FORT KNOX, Ky. – 3rd Regiment, Advanced Camp Cadets enhanced their tactical skills and defense strategies at their Field Training Exercise, FTX, June 30 during Cadet Summer Training.
The first two objectives, including gathering intelligence and performing reconnaissance on the base as well as capturing the base from the opposing forces, were executed with precision, according to Capt. Talisa Dauz.
“They knocked it out of the park. It’s probably one of the best missions we’ve done so far,” said Dauz. “Once they attacked the enemy, they were able to seize this terrain and the mission. They are currently on defense to keep the enemy from enveloping on the objective.”
FTX is a test of leadership for Cadets, allowing them to determine what kind of leaders they are in times of stress, a job bequeathed to the second lieutenants with the regiment. Newly commissioned second lieutenants are often able to connect with the Cadets, having been through training and camp in their recent years.
“They’re really teaching us and telling us how they were in camp last year and how they’ve changed and developed in that final year in college. Most of them say that, during Advanced Camp, they really found their true leadership because that’s what’s out here to do, to determine how you lead other people,” explained Cadet Paul Wallenhorst, from the University of Louisville. “Most of them said how they just help us talk through what kind of leader we are, whether we’re quiet, micromanaging people, or the loud boisterous who is out front always barking orders. They try to help each individual find what leadership style they use.”
2nd Lt. Madyson Green stated, “Because we were just here last year, we’re not too much further in it than they are. I’m able to take my experiences from my camp time and use that to help them. I know some of them, it’s definitely helped them.”
This connection and ability to relate to Cadets demonstrates a relationship and an easier flow of information as Cadet Shanesha Blair, of Grambling State University, explained.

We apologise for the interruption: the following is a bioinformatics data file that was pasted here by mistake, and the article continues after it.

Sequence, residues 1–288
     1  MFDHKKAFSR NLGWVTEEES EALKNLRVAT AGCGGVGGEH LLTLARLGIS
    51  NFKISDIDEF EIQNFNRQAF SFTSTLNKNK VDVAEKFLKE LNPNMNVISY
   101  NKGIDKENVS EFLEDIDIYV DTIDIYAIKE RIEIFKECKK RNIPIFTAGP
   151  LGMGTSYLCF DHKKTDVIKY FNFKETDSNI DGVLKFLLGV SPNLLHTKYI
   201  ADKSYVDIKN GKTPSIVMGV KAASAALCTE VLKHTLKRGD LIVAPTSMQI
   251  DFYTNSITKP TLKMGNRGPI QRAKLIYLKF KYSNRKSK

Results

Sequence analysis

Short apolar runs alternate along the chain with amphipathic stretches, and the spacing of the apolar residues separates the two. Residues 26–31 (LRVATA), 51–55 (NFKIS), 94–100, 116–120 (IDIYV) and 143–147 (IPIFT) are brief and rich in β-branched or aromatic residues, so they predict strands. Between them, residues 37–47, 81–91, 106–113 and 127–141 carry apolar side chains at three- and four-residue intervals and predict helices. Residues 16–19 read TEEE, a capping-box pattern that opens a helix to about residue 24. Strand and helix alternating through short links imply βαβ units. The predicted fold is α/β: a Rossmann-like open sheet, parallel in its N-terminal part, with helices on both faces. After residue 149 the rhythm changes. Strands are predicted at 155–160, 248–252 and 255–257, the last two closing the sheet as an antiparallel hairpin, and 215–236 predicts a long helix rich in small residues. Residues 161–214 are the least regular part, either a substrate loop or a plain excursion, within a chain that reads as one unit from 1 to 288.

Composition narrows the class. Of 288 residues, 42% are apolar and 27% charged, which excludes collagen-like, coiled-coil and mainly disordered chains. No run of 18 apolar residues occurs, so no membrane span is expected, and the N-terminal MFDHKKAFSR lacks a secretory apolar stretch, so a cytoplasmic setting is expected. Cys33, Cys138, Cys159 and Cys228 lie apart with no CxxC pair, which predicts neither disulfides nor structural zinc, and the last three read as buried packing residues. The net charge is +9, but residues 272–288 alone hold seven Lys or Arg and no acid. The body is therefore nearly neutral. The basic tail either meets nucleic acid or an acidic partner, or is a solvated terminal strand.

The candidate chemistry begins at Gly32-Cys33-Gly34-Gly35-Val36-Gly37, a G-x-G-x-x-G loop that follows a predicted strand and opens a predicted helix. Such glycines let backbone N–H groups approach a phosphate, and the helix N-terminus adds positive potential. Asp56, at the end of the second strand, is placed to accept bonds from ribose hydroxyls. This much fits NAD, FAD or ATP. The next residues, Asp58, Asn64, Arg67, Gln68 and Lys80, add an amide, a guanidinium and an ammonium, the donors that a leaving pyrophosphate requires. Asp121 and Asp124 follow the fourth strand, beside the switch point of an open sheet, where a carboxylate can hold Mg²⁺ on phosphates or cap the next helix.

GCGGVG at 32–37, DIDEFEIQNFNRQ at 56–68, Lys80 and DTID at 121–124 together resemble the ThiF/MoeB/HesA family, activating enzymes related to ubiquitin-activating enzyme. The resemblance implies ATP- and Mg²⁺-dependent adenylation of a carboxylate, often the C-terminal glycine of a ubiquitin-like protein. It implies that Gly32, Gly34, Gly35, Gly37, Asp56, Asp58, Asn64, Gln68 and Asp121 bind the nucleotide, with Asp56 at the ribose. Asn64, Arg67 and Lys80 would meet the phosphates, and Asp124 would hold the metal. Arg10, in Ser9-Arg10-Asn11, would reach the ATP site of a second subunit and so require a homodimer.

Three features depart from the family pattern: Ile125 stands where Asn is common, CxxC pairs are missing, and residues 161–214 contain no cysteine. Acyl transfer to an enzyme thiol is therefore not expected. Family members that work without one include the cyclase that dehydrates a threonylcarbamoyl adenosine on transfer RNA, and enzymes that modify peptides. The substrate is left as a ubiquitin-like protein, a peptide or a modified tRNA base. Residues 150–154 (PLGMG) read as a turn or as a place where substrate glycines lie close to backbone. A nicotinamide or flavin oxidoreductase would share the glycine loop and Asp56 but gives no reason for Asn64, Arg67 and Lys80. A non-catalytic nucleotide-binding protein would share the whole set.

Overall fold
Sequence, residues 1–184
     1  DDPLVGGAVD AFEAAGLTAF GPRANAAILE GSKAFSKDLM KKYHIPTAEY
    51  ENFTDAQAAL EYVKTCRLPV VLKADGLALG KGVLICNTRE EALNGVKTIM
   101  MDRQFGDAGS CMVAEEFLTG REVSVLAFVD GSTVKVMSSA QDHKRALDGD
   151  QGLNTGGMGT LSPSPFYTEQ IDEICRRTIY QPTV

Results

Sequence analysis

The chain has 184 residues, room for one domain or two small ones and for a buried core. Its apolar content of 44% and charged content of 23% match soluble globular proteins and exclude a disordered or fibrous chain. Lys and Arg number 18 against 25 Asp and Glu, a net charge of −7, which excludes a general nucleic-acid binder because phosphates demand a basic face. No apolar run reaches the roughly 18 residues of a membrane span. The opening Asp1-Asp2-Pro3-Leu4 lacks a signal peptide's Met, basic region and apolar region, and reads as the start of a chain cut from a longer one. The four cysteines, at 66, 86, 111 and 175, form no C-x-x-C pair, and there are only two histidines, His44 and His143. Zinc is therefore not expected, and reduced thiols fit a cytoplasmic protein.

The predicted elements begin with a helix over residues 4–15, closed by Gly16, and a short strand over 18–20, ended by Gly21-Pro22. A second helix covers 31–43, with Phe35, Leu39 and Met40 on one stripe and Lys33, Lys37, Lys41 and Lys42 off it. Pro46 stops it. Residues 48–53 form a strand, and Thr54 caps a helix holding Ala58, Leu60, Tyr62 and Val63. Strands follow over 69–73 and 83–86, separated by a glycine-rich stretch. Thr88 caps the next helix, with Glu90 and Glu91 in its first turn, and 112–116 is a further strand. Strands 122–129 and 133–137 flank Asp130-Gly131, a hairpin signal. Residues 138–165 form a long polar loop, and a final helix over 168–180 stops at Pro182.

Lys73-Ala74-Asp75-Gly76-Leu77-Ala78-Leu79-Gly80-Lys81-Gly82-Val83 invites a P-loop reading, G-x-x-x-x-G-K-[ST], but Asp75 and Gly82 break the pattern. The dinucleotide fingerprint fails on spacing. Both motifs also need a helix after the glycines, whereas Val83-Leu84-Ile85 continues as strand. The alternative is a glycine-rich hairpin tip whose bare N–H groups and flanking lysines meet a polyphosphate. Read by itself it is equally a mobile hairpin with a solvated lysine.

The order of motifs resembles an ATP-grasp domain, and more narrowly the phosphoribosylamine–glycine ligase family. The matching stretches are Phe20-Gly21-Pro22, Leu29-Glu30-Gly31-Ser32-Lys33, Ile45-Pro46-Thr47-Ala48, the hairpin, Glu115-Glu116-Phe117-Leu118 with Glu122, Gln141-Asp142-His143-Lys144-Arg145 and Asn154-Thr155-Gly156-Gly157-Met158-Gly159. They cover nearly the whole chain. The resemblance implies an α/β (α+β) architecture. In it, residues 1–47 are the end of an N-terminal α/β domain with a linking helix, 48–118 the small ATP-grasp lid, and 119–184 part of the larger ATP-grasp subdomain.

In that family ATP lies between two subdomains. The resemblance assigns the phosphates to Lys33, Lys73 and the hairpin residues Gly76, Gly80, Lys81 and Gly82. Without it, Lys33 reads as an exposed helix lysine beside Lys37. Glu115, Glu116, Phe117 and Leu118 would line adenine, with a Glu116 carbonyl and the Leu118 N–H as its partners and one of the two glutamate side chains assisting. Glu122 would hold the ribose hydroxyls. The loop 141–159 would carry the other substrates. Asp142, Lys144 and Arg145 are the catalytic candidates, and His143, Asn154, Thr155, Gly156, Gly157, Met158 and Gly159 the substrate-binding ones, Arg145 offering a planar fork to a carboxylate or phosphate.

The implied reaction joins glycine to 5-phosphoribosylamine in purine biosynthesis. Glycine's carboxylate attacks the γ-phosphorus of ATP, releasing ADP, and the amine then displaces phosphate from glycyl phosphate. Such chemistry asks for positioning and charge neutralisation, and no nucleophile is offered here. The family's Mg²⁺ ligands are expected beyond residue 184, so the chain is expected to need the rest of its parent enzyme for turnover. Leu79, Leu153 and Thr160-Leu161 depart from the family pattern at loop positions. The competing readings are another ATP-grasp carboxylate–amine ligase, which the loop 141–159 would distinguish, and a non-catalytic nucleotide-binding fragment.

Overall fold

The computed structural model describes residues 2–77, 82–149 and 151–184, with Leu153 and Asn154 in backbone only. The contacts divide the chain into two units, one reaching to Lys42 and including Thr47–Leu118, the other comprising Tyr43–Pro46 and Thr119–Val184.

“Their presence is helpful because they went through the same experience. It helps us understand we’re not alone,” stated Blair. “They see the struggles we go through and some of the similarities that they went through, so they’re able to give us some pointers on how to become better at tactics and break it down into one order.”
Second lieutenants strive to instill essential lessons that will serve Cadets through their remaining time at Cadet Summer Training and on through their commissioning.
“Personally, I really just want to work on their communication, and then when they work together, they can build trust with one another. They can do that by slowly learning what everyone is capable of and trying to develop other to make others more capable in all fields,” said 2nd Lt. Alexander LaDue. “Once they do that, they build trust as a team. Once they build trust as a team, they’re able to work as leaders and actually able to understand and move their units around individually.”
“I would say communication is the big thing that they need to work on and something I’ve seen people struggle with. Not just communicating itself, but communicating effectively and with tact,” added Green. “It’s something a lot of people struggle with and I think that it is one thing they can work on here, being able to work with peer on peer. Talking to people who are the same rank as you is a really good start before they get into a unit and they’re talking to people with higher rank and higher status.”
Finally, Dauz offered a piece of advice for Cadets who will be commissioning and second lieutenants about working at Cadet Summer Training.
“Take that opportunity. There are a lot of opportunities in the Army, but for brand new commissioned second lieutenants, this is probably one of the better things they get to do minus going directly to BOLC (Basic Officer Leadership Course), especially if they’re going combat arms,” she said. “They may get a lot of good experience out here getting better at tactics and understanding the decision-making that goes behind it that they didn’t recognize as a Cadet. If they have the opportunity, come be out on a team.”